In order for your session to be CME/MOC credit eligible, SGIM is requiring the submission of post-test questions for each recorded presentation. These should be created using the learning objectives from your initial submission. You can submit these questions via your invitation in ScholarOne form or by email to annualmeeting@sgim.org.

SGIM must receive your post-test questions by April 30 in order for your presentation to be eligible for CME Credit.

Tips for Questions:

In order for your session to be CME/MOC credit eligible, SGIM is requiring the submission of 3 post-test questions for each recorded presentation. These should be easy to create based on your pre-established learning objectives from your initial submission using the tips below. You can submit these questions via the invitation you received in ScholarOne or via email to annualmeeting@sgim.orgSGIM must receive your post-test questions by April 30 in order for your presentation to be eligible for CME Credit. 

Since this is not something you generally create for your presentations, SGIM has provided a few helpful tips below to assist you in writing these questions:

  • The most common question format typically consists of a problem statement that:
    • relates directly to one learning objective
    • avoids the use of negative phrasing where possible
    • avoids specific determinants (e.g. never, always, etc.)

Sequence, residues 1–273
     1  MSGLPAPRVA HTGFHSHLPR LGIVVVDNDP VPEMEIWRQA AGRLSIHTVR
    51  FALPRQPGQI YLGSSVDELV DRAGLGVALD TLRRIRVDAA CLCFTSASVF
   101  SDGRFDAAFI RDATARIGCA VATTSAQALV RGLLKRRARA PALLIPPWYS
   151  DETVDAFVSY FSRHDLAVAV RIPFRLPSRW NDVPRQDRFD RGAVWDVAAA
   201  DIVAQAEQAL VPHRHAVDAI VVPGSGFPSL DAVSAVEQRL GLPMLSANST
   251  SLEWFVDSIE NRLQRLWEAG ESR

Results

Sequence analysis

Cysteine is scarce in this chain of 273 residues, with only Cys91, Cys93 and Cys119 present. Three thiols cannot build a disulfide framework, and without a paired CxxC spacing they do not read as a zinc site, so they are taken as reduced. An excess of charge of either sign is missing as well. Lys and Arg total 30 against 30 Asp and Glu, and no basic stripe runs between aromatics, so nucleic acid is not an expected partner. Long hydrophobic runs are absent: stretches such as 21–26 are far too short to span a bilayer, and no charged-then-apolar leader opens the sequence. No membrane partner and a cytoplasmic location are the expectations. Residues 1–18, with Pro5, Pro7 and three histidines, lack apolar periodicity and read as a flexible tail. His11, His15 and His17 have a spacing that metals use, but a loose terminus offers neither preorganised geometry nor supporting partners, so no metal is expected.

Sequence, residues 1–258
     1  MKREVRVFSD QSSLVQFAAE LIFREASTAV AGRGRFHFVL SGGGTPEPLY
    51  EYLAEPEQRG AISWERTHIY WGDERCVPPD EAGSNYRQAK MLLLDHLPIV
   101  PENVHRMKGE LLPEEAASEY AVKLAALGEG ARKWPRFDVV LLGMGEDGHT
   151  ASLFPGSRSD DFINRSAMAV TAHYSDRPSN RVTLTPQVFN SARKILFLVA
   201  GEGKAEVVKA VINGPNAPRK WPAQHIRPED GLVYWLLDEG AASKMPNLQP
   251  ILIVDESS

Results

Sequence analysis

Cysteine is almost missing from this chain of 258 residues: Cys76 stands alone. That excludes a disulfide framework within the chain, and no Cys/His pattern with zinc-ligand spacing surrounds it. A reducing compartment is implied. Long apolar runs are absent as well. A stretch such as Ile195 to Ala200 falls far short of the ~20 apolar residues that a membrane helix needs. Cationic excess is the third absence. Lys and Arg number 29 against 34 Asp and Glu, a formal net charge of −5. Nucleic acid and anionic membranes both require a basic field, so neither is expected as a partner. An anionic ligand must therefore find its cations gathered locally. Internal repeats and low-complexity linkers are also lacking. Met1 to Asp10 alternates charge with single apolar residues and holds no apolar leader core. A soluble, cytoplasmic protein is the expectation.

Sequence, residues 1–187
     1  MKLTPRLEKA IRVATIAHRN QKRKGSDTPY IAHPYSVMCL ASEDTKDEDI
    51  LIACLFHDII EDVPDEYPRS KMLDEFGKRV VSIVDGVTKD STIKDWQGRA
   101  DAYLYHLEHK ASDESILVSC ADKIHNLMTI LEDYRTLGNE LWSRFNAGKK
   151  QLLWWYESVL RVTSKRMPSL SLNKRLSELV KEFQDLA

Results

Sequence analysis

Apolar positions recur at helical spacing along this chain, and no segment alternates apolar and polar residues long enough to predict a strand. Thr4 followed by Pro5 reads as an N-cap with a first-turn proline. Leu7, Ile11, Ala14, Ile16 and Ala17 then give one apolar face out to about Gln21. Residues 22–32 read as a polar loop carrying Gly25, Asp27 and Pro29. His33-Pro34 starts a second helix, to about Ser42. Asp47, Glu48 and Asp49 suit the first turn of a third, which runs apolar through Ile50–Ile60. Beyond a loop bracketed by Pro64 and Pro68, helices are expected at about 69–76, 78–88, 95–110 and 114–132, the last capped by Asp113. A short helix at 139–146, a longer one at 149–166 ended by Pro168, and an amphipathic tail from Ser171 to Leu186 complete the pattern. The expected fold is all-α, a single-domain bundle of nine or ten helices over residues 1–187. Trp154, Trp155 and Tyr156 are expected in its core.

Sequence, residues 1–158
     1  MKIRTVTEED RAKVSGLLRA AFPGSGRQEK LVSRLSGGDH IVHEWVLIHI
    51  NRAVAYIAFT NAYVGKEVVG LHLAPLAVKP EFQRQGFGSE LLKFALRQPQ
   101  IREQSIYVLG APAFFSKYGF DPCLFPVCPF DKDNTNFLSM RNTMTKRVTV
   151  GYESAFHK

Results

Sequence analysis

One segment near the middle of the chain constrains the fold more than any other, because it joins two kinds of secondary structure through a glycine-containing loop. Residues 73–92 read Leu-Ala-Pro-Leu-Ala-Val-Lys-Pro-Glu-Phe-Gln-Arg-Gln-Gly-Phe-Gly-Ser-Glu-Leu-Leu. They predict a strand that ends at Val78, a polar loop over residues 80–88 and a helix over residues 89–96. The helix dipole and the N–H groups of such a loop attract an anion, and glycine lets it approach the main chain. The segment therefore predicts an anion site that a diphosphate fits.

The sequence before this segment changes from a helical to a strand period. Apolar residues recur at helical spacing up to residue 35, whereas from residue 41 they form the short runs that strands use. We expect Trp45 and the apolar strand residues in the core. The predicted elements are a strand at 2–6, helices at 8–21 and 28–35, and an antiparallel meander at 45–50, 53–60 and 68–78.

• avoids including irrelevant material/information
  • Answer options should be:
    • Stated clearly and concisely
    • Be mutually exclusive
    • Avoid the use of “all of the above”, “none of the above”, and combinations such as “both c and d” where possible
    • Avoid the use of negative statements
  • Questions should reflect principles of authentic assessment, such as:
    • Enhancing the development of real-world skills
    • Encouraging cognitive skills (evaluation, analysis, synthesis)
    • Promote the integration of a variety of related skills into a holistic project
  • Consider questions that address the three levels of Bloom’s Taxonomy
    • Level 1: Knowledge (recall of specific facts and information)
    • Level 2: Comprehension (ability to translate information, estimate effects, or interpret material)
    • Level 3: Application (using learned material in a different way)

Two sample questions previously used by the SGIM MOC task force and approved by ABIM:

I. You are asked to provide pre-operative risk assessment before a below the knee amputation for Mr. Jones, a 55 year old African American man with a diabetic foot infection. He has a low pre-operative risk and you counsel him that the proposed operation would be relatively safe. He states “You doctors don’t realize that you are biased. You always want to amputate the legs of African Americans.”

Which of the following would be the most accurate response regarding racial differences in amputation?

A. “There are no differences in amputation rates between African Americans and Caucasians”
B. “Any difference in amputation rates is due to doctors who are racist.”
C. “Any difference in amputation rates is due to differences in patients, not their race”
D. “There used to be differences but those have resolved”
E. “There have been differences noted for almost three decades”

Correct answer = E